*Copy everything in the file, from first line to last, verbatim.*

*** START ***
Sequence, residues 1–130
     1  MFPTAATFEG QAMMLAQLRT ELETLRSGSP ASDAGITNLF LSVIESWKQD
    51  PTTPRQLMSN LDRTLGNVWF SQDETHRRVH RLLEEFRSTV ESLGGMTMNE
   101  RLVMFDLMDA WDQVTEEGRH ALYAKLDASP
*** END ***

Sequence, residues 1–130
     1  MFPTAATFEG QAMMLAQLRT ELETLRSGSP ASDAGITNLF LSVIESWKQD
    51  PTTPRQLMSN LDRTLGNVWF SQDETHRRVH RLLEEFRSTV ESLGGMTMNE
   101  RLVMFDLMDA WDQVTEEGRH ALYAKLDASP